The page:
As it turns out, natural hues such as blue, yellow and red in your food usually mean higher levels of antioxidants. “Your diet needs to be colorful,” Niedert explains. “The more colors you have, the better off you are.”
Take berries. In a recent study of adults 50 and older, those who committed to eating 1 cup of blueberries every day for six months showed improved vascular function and higher levels of heart-healthy HDL cholesterol. The study’s authors credit a deeply colored antioxidant called anthocyanin, which which is also found in cherries, raspberries, and blackberries.
Betalain is another powerful pigment. It’s responsible for making beets red, and a study published last year discovered that it could help those with coronary artery disease improve their heart health by lowering bad LDL cholesterol and skimming out homocysteine, an amino acid that can damage the lining of arteries.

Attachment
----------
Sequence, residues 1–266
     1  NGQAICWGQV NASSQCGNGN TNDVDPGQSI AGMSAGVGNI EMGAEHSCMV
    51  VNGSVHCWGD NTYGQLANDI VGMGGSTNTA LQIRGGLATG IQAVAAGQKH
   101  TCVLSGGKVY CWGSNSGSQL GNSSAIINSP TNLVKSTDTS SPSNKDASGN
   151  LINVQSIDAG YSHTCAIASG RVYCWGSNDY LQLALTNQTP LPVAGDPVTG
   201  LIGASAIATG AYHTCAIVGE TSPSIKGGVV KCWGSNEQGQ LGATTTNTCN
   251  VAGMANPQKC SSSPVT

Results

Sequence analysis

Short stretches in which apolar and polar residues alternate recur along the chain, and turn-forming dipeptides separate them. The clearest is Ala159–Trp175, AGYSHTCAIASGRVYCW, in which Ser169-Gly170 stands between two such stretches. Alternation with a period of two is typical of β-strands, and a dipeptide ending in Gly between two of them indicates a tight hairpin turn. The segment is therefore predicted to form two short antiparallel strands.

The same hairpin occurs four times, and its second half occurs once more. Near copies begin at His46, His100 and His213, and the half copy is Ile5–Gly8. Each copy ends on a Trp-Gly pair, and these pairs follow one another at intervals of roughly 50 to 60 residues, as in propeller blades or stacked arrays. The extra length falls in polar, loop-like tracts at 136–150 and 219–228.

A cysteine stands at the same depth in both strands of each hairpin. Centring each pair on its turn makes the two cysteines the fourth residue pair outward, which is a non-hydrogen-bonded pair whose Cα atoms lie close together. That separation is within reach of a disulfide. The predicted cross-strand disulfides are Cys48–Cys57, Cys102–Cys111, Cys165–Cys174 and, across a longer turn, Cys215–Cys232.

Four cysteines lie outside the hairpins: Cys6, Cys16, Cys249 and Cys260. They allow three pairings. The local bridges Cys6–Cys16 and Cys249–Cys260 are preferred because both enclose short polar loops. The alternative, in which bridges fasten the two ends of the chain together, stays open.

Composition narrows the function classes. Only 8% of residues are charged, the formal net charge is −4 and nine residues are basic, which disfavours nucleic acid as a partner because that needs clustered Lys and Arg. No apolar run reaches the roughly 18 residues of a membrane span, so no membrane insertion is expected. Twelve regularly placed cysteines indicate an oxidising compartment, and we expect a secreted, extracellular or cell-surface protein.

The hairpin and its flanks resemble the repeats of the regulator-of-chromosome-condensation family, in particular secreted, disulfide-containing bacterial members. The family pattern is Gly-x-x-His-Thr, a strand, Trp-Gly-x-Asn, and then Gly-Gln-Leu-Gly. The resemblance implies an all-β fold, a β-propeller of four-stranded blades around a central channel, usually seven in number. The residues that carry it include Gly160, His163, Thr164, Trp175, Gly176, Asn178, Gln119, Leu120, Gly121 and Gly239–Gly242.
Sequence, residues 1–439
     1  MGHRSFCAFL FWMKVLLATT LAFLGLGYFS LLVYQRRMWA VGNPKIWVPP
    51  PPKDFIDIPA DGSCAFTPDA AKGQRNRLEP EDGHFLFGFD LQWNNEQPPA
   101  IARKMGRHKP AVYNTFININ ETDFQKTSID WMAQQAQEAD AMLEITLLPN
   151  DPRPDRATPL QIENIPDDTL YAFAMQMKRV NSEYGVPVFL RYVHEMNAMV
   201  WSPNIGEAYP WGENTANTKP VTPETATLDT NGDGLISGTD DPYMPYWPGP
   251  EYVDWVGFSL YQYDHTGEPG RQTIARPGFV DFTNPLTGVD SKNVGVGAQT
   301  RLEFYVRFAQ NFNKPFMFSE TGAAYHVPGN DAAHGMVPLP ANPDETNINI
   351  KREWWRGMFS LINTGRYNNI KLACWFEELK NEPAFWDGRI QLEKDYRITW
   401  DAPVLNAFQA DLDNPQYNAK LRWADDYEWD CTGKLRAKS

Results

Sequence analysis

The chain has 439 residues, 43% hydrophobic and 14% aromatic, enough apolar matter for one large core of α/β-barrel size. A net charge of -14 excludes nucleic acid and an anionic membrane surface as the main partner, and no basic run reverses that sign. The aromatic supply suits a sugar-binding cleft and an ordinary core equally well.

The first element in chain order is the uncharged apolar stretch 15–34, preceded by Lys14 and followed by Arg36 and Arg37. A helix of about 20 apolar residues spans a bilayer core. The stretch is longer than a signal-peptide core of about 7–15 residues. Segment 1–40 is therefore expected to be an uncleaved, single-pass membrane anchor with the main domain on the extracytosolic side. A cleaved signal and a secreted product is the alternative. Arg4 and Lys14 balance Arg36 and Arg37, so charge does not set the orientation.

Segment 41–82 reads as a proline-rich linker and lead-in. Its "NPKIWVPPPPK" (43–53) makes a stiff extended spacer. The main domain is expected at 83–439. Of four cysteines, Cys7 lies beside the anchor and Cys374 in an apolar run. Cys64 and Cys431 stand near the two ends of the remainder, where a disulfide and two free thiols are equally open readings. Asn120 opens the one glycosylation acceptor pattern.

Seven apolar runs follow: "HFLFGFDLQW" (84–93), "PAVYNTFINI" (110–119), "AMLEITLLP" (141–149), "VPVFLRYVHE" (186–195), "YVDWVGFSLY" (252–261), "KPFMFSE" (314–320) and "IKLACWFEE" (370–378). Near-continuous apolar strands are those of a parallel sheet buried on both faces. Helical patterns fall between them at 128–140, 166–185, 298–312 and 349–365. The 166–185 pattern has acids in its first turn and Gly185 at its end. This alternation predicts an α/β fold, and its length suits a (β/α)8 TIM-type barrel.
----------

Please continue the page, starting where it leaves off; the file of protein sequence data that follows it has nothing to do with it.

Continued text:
The truth is, you’d be hard-pressed to find a colorful fruit or vegetable that doesn’t offer some kind of heart-protecting benefit. Lycopene (the red pigment in tomatoes) and beta-carotene (which turns carrots orange) which have both proved to be cardiovascular heroes. Curcumin, the compound that gives turmeric its sun-colored glow, has been shown to increase blood vessel function by 3%. The point here is that if your plate is a sea of beige-the lifeless color of fried chicken, Tater Tots and dinner rolls you’re doing your heart a disservice. Research keeps confirming that eating produce such as bright bell peppers, purple cabbage and yellow squash can keep your ticker strong.
And, no artificial colors don’t count. Sorry, Froot Loops.